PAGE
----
A few years ago, at the suggestion—really, more like insistence—of a literary fiend (friend), I read the first book in Glen Duncan’s Werewolf trilogy, The Last Werewolf, while on a train slowly moving along the East Coast. It was cozy bliss. I lost myself so completely in Duncan’s werewolf universe that I very nearly missed my stop.
The Werewolf Trilogy is vigorous, funny, sexy and necessary at a time when so much genre fiction is drowning in melancholy vampires and self-serious teen dystopias. The books share a great deal more DNA with James Bond and the John Landis classic An American Werewolf in London than they do with any of the current vampire fiction to which they are awkwardly compared.
Now, with the publication of By Blood We Live, Glen Duncan wraps up his immersive werewolf trilogy. (Talulla Rising is the middle book in the series.) I called Duncan recently to ask him about all things werewolf and, specifically, the peculiarities of trilogies. Duncan is charming—you get the sense there is a healthy dose in him of Jacob Marlowe (the Bond-like lead character/werewolf in The Last Werewolf).
Going in, was this always going to be a trilogy? Is there more satisfaction in wrapping up a trilogy versus a single novel?
The honest-to-God’s truth is that when I began writing The Last Werewolf, until about three-quarters of the way through I was seeing it more or less as a single book. It only occurred to me quite late on in the writing that there was potential for a much larger world. I felt like I got some characters off the ground that some people might want to follow.
But in terms of the actual labor of starting a project and seeing it through—yes, I suppose it does feel like more of an achievement to have done three books which are related and which I hope satisfy what people want from a series, which is not to lose the ingredients from the first book that made readers like it, but at the same time to keep refreshing it.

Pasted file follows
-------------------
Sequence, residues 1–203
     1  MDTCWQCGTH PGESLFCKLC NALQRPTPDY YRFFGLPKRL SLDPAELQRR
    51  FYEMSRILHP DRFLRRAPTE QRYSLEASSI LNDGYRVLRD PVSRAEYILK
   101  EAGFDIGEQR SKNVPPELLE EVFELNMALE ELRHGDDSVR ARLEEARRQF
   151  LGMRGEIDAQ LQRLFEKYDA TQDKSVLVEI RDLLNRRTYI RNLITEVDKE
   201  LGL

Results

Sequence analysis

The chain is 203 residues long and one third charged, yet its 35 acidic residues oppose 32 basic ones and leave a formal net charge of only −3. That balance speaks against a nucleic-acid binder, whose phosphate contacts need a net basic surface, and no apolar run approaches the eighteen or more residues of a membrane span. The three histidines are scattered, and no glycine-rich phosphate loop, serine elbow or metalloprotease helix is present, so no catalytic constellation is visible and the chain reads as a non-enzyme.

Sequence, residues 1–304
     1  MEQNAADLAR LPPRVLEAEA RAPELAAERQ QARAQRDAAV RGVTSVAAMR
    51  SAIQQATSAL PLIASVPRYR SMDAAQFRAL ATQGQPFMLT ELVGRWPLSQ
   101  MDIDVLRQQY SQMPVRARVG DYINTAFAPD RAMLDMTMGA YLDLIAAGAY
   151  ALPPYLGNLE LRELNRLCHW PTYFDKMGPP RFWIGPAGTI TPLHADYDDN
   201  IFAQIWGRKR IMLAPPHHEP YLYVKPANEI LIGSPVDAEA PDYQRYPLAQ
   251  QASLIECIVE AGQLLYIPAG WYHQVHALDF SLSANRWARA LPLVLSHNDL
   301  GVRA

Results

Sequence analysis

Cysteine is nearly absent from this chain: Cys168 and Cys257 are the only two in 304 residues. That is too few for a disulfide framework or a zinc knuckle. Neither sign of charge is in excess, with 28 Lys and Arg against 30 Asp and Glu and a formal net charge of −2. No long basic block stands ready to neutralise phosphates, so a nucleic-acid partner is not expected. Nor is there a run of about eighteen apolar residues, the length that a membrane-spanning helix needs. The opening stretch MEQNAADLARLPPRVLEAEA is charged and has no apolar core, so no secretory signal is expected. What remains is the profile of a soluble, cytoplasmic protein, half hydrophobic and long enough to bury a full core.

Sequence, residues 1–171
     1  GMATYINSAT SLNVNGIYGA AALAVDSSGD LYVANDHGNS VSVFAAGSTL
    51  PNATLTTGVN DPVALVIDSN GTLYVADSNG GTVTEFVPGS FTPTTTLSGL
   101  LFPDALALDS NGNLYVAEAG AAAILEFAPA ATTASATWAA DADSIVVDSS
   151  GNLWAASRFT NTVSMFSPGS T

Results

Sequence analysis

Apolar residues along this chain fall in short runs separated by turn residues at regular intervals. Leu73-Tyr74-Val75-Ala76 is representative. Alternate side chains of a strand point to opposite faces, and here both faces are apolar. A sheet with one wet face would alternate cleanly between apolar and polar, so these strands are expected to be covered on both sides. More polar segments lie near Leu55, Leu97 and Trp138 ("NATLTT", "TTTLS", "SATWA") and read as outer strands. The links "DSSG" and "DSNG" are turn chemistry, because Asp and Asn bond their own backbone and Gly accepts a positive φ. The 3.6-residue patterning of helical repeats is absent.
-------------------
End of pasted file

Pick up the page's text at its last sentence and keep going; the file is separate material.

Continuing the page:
You have probably answered this a thousand times before but I have to ask: Do you have any insight as to why werewolves haven’t had their vampire “moment”? Did the genre peak too early a la American Werewolf in London, The Howling, etc…?
I think what distinguishes vampires from werewolves is that vampires afford the reader a complete escape. Once a vampire becomes a vampire he or she is a vampire all the time. They offer more opportunity for complete escape in the reading experience, because their species divorce from humanity is absolute, whereas a werewolf is only a werewolf when he or she is a werewolf. For the other 29 or 30 days of the month, they are a regular person. From the writing point of view, this is much more interesting. It presents a more ticklish moral quandary, in that you have to reconcile your human life with your werewolf life. But whether readers want that in the same way that they want the traditional vampire world of wonderful clothes, and limousines and art collections…maybe that is more appealing to more readers.
[Spoiler alert: Duncan kills off his lead—and, arguably, most interesting character—Jacob Marlowe, at the end of The Last Werewolf. This would be akin to killing Katniss in the first Hunger Games book. Duncan elaborates unprompted.]
The most idiotic decision, obviously, was killing off Jake at the end of the first book. I spent many sleepless nights wishing I hadn’t done that. There was an enormous temptation [to revive him]. Once you decided that you are dealing with the supernatural, then all bets of naturalism are off. But you have to draw the line somewhere.
Did you find it easier or more difficult to start work on Tallula Rising and By Blood We Live as opposed to starting something completely new? I imagine there is tremendous pressure to wrap up a trilogy—more expectation.
The publishing clock was an enormous pressure: a book a year. I was definitely feeling it by the time I was into the third novel. But it was both terrifying and exciting to start Tallula Rising. There were a lot of false starts with that book, mainly because I had to resist the temptation to re-write Jake in a dress [as the lead, Tallula]. But once I took Tallula’s predicament seriously—which I believe you have to do regardless of whether or not you are writing about werewolves—the book became a much more creatively engaging enterprise.
Matt Lewis is a writer, cookbook author and co-owner of Baked.